Likely Ranking Member: Sen. Bob Menendez (D-N.J.)
James Risch, who holds the most seniority on the committee after Corker, is expected to fill the role of chairman in the wake of Corker’s retirement this year. Initially a Trump skeptic who supported Sen. Marco Rubio (R-Fla.) in the 2016 Republican presidential primaries, Risch has become a defender of Trump’s agenda. In November, Risch voted against a resolution to end U.S. support for Saudi Arabia’s controversial military campaign in Yemen — despite broad bipartisan support for the measure, including from Sens. Corker, Lindsey Graham (R-S.C.) and Rand Paul (R-Ky.).
The second-term senator and former Idaho governor has been recognized as the “most conservative” senator in the U.S. by the National Journal for two years in a row. He has supported Trump’s decision to withdraw from both the Paris climate accord and the Iran nuclear deal. He’s also a vocal advocate of the president’s “maximum pressure” campaign against North Korea. And unlike Corker, he’s vowed to air his grievances against Trump in private, not in public.
Meanwhile, former Republican presidential nominee and newly elected Sen. Mitt Romney from Utah is reportedly angling for the seat left open on the Foreign Relations Committee by Corker’s exit. Trump had briefly considered him for secretary of state before choosing Rex Tillerson because of Romney’s hawkish stance on Russia, according to one source.
On the Democratic side, Bob Menendez of New Jersey is likely to remain the ranking member, despite earlier federal corruption charges that were eventually dropped in 2018. The son of Cuban immigrants, Menendez is a strong supporter of comprehensive immigration reform, including the Dream Act, and a vocal critic of authoritarian regimes in China and Russia.
Senate Select Committee on Intelligence
Likely Chair: Sen. Richard Burr (R-N.C.)
Likely Ranking Member: Sen. Mark Warner (D-Va.)
Unlike its counterpart in the House, the Senate Committee on Intelligence under Burr has made a purposeful effort to avoid even the appearance of partisanship. The committee publicly broke with the House Intelligence Committee in May when Burr and Warner said in a joint statement that their committee agrees with U.S. intelligence agencies’ assessment that the Russian government tried to help Trump and hurt Hillary Clinton in the 2016 election.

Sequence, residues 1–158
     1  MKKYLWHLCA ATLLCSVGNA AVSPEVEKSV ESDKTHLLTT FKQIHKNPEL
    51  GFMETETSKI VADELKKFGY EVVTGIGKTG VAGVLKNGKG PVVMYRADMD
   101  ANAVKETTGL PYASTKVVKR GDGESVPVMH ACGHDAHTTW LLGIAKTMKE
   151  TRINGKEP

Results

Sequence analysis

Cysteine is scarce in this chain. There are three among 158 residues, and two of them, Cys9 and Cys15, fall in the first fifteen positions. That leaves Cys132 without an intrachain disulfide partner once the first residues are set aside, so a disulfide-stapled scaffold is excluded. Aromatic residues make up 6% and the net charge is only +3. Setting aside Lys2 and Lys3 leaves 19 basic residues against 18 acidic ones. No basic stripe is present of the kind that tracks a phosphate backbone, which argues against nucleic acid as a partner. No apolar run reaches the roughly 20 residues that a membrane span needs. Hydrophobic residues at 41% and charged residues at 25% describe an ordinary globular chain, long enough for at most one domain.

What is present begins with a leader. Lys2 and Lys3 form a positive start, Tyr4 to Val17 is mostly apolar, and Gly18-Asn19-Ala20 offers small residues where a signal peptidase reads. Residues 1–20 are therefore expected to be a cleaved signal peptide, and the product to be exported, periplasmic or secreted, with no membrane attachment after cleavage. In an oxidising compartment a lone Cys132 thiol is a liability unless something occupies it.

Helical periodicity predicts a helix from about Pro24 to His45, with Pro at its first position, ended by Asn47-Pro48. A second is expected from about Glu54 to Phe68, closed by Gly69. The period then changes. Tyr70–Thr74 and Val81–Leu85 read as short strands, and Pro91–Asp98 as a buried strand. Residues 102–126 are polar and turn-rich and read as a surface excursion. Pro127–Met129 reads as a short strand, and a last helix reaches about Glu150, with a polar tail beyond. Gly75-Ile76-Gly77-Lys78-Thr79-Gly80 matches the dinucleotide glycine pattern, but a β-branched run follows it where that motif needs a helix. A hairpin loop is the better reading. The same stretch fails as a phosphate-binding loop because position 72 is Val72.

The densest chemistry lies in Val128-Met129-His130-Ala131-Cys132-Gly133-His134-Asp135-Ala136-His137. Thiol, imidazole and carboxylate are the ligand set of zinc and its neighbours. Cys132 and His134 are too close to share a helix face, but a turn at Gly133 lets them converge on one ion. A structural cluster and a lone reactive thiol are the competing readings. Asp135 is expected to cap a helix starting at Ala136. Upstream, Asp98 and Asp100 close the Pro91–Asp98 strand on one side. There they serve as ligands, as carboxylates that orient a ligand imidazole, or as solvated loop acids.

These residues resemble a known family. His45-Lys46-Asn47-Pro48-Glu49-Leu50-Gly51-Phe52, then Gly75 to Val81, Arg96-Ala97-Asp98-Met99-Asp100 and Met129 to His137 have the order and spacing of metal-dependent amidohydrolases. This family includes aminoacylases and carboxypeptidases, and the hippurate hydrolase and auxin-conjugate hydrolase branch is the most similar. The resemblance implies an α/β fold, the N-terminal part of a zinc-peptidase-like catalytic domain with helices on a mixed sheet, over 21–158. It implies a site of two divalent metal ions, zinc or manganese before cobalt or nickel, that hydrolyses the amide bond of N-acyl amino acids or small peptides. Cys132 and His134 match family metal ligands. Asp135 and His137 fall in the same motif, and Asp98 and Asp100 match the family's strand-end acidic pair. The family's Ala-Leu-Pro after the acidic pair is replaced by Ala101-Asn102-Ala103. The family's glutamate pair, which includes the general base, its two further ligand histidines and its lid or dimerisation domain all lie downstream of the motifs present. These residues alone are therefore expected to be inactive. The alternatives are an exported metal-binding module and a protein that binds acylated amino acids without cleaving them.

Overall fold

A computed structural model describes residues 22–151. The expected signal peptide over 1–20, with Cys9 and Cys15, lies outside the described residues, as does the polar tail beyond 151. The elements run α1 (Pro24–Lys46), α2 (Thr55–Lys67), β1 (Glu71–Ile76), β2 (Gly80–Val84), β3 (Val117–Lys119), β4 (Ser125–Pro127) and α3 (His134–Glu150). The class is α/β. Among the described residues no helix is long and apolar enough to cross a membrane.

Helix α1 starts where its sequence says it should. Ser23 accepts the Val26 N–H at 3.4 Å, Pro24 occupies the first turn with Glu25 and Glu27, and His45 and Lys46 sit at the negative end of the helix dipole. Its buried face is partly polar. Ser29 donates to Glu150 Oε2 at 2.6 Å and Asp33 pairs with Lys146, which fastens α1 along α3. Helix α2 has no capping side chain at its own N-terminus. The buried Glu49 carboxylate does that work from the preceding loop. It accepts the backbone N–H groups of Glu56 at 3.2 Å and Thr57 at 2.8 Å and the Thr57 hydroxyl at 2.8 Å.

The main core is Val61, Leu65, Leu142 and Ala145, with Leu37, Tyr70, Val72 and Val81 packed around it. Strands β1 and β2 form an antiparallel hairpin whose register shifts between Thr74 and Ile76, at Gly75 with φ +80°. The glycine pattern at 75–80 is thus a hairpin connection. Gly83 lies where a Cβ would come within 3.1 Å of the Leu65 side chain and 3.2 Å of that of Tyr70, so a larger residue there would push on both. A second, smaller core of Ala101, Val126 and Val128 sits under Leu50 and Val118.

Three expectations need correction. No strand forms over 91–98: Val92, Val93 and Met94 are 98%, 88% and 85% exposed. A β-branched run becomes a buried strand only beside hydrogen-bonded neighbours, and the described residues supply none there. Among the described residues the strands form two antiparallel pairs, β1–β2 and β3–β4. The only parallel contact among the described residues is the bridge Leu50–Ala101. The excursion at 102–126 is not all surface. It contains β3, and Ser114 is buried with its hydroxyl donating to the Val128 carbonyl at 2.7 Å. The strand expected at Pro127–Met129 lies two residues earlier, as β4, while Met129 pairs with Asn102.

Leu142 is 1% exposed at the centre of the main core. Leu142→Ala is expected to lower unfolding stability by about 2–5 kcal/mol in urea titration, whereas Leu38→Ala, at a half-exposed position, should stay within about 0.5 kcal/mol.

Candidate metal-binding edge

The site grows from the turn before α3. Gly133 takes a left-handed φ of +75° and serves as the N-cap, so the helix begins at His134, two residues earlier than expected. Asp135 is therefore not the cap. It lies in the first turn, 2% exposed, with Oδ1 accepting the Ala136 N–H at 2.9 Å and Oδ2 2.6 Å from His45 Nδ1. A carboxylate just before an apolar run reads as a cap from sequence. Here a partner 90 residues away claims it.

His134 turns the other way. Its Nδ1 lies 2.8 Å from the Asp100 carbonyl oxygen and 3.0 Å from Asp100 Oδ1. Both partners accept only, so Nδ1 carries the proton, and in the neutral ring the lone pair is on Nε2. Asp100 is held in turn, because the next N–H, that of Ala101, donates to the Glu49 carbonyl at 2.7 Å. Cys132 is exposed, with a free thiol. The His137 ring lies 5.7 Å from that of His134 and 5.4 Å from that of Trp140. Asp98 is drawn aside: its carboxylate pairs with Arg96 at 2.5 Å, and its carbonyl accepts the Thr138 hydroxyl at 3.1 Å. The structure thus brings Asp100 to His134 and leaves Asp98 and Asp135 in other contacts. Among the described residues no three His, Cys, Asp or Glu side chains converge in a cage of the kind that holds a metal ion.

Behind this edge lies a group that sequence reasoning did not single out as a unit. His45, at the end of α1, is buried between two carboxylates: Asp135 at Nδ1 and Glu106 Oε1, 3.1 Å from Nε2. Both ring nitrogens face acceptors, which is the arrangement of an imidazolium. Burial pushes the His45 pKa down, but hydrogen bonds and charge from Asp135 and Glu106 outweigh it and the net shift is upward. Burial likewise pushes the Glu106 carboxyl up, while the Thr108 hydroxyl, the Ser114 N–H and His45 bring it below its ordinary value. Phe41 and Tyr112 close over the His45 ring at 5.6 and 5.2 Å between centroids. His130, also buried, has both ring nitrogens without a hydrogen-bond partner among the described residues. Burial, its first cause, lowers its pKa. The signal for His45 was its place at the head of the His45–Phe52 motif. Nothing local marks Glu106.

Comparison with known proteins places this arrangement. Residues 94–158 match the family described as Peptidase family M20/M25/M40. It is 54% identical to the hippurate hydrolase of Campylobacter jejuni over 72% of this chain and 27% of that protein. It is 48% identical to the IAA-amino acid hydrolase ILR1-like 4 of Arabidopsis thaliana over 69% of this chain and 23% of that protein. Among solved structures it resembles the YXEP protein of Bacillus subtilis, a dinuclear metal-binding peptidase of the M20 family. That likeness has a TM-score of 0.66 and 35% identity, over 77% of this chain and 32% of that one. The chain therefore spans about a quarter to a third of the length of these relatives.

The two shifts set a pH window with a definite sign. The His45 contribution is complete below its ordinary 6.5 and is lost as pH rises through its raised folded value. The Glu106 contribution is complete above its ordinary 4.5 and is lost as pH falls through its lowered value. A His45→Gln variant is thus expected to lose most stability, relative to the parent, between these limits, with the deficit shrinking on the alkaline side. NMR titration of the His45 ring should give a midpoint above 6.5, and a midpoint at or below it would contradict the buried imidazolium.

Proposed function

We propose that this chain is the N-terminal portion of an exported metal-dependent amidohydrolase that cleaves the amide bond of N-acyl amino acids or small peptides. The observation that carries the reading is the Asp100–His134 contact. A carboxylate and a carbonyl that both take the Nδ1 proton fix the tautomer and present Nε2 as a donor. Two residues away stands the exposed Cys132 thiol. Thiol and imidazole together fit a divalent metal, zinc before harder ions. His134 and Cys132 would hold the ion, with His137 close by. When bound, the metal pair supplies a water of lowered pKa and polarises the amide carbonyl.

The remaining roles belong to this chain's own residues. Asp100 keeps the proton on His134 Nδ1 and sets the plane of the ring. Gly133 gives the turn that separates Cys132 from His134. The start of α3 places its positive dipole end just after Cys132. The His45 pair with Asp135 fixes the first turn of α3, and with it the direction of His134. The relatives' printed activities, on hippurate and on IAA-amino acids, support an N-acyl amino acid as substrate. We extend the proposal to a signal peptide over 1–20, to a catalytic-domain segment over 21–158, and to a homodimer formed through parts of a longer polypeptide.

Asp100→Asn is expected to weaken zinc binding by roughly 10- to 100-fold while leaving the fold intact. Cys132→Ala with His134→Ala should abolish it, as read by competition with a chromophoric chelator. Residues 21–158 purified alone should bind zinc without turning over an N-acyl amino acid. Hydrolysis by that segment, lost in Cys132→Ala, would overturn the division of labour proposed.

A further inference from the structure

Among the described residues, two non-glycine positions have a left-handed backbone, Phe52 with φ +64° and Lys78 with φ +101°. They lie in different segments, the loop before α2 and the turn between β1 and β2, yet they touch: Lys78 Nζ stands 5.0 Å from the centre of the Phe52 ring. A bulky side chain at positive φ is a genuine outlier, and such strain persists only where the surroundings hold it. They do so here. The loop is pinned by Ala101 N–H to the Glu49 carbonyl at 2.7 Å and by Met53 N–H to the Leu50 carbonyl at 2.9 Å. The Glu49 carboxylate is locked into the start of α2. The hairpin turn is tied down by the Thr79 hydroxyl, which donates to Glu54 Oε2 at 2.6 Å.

In November, Burr said in an interview with Bloomberg News that the committee’s own Russia investigation will extend into 2019 for as long as six months while the committee continues questioning witnesses in closed-door hearings. Warner, a former Virginia governor, also said in early December that the committee has made multiple criminal referrals to special counsel Robert Mueller.
In addition, Burr and Warner have worked together to address the litany of scandals that have plagued tech companies such as Facebook, Twitter and Google, including massive privacy breaches and the spread of Russian misinformation on social media. At an August 2018 hearing, Burr said that Russia’s cyber campaign during the 2016 election is as serious as “terrorism, weapons of mass destruction, espionage or regional instability.”
Senate Committee on Homeland Security and Governmental Affairs
Likely Chair: Sen. Ron Johnson (R-Wis.)
Likely Ranking Member: Sen. Gary Peters (D-Mich.)
Current chairman Ron Johnson, a former longtime businessman, is expected to stay on as head of the committee. Most recently, he voted against the Senate bill to remove U.S. forces from the conflict in Yemen. He’s also a sharp critic of Russian meddling in Ukraine and the Kremlin’s reported violations of nuclear arms treaties.